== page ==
[article/pic taken from Lignum al Dia, a Chilean online publication]

“With the presence of Seremi Labour, local authorities and company executives, this morning was made the official reopening of the Sawmill Horcones Arauco II.

Through a tour of the facilities, it marked the official resumption of operations of the sawmill, located in the Forestry Industrial Complex Horcones, located in the town of Arauco.

The reactivation of the Arauco Mill Horcones II has meant hiring 165 workers. The resumption of operations of the industrial facility is a contribution to the creation of stable employment in an area particularly hard hit by the earthquake and tsunami on 27th February.

This production unit was closed since December last year, resulting from the crisis affecting the sector. When you restart operation, it hired 120 employees in the operation, mostly from the province of Arauco, Arauco communes and Curanilahue, and 45 persons from casino personnel, porters and guards.

The monthly production capacity Horcones II regime will be 14,500 m3 of green wood, and the main destinations of its output will be the domestic market, the Middle East, Asia and Central America.

Thus, of the 35 facilities Arauco who were detained since the earthquake, or in the case of Sawmill Horcones II from before, 34 and are operating normally.  It remains to Line 2 of the Pulp Mill Horcones, in which case it is not yet possible to specify the date on which restarted production.”

Freeport Delays

[edit: containers through, we’re good to go, less interuption that we had anticipated]

There have been recent vessel delays at Freeport, which has disrupted WindsorONE fiber supply to our Surry, VA manufacturing plant.  We have already contacted our customers, and will continue to keep you up to date… and as always, post to this blog.  We expect about a week of possible WindsorONE shipment delays/disruptions; net result, week of June 28th there will likely be zero shipments from Surry, but quickly shipping again the following week, July 5th.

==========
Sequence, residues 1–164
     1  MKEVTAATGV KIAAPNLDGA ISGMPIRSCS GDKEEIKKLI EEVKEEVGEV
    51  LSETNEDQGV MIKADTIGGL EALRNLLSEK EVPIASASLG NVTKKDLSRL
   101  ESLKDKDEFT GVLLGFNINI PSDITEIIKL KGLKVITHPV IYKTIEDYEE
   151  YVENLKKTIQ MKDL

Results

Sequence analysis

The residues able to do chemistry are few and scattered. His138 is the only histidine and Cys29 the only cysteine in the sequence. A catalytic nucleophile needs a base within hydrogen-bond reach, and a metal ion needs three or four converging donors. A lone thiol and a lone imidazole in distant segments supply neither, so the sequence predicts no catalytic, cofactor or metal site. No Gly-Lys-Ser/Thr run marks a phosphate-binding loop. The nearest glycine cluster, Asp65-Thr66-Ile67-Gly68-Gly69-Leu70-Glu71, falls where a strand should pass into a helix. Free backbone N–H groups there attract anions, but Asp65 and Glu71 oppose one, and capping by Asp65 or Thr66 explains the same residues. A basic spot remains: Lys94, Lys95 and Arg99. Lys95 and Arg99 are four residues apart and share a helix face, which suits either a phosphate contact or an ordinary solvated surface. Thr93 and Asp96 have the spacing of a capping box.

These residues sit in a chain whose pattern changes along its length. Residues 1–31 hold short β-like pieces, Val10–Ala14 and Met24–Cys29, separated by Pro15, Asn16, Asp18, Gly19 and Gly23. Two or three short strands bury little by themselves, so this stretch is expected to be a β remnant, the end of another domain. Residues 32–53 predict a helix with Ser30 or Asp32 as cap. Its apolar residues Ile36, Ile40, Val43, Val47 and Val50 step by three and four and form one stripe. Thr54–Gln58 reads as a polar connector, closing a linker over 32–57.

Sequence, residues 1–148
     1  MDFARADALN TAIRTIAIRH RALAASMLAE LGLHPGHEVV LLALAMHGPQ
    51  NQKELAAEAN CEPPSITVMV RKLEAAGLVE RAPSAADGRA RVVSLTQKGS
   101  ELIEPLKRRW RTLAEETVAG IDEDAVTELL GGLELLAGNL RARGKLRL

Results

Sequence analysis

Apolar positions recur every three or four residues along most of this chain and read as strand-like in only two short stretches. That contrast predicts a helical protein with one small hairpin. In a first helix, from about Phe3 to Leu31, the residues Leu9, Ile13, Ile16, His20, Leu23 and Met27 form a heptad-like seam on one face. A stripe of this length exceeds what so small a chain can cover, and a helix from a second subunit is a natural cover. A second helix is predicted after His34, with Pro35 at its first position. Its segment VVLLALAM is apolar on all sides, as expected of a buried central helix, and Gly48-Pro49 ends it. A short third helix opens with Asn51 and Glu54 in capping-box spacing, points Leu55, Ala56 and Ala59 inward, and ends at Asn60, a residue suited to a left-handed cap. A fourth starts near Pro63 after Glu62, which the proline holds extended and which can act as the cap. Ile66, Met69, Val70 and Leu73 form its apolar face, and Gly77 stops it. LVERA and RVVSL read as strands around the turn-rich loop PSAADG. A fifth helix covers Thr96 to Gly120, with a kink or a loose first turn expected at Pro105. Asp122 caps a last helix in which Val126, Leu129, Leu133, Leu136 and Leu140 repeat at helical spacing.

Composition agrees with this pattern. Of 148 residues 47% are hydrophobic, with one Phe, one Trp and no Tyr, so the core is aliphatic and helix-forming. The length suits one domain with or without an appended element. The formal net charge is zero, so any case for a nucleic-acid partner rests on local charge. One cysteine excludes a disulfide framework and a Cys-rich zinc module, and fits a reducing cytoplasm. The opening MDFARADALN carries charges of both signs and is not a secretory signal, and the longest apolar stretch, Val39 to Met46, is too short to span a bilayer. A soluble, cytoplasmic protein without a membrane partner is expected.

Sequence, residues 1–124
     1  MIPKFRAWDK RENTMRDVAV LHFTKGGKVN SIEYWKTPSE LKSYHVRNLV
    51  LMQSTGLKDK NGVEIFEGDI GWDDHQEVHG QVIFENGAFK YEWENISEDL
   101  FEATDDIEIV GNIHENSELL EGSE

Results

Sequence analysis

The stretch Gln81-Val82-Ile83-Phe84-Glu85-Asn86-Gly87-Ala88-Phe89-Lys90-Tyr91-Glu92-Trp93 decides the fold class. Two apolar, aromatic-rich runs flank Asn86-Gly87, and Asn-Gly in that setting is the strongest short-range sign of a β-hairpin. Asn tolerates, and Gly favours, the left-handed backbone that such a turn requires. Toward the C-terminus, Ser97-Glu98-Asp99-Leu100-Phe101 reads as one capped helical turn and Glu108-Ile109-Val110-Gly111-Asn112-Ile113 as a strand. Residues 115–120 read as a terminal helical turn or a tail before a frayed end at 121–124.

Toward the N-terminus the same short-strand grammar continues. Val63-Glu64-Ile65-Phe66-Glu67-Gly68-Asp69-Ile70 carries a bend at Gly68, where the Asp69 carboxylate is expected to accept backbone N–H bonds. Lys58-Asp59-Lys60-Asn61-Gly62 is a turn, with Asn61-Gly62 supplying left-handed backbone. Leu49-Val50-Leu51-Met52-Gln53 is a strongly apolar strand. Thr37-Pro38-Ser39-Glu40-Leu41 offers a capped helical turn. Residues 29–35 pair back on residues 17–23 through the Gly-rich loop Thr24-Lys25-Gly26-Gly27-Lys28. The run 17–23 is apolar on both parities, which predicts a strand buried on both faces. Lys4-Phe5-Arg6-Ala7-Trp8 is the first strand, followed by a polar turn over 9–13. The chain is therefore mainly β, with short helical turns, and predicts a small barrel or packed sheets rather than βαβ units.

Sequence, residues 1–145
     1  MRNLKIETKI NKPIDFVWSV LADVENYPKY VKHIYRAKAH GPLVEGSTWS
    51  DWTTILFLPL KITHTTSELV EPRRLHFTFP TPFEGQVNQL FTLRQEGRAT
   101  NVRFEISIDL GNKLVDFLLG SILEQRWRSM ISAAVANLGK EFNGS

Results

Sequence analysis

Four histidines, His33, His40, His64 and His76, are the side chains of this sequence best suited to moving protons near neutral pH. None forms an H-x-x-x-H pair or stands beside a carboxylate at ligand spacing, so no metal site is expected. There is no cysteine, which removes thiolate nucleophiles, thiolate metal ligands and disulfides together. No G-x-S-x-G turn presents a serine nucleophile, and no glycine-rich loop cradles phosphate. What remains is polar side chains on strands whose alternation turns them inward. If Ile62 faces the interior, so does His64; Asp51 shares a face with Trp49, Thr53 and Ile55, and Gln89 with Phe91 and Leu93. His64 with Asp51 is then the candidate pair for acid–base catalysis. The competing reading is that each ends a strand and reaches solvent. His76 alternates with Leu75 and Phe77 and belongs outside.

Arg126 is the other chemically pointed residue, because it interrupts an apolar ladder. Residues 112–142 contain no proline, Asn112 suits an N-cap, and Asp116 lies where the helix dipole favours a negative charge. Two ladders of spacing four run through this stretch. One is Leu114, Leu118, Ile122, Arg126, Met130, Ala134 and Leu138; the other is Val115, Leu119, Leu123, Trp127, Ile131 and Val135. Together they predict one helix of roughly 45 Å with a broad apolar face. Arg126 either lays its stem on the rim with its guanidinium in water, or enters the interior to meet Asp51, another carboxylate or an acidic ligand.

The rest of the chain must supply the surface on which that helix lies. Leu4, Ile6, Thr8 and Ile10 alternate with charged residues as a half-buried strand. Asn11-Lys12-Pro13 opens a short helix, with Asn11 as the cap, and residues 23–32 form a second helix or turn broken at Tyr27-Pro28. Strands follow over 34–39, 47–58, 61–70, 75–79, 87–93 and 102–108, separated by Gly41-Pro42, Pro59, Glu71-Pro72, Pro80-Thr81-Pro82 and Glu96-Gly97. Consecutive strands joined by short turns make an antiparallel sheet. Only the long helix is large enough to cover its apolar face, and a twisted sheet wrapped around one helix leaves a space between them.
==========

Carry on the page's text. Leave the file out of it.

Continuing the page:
On March 29th, a tornado touched down at the Freeport port in the Bahamas, which is a major vessel/container transfer station.  They were able to bring the port back online relatively quickly, however they did sustain damage to some cranes, which has been causing disruptions the last couple of months.

To date, we have been able to work through the delays; however, on Thursday evening (17th) we were informed that two groups of containers will not reach the states on time, as they missed a vessel headed to Norfolk.  We have already made arrangements to have these containers routed to Charleston, where we will offload them and truck to Surry, VA.  We are also sending fiber across the country via truck from our Willits, CA plant.

Under normal operations, customers would not feel these disruptions as we would have plenty of raw material reserves stateside; we prepare our raw material pipeline for these types of delays.  Unfortunately, given current demand, we haven’t yet been able to build entirely back to pre Chile-8.8-quake state-side levels.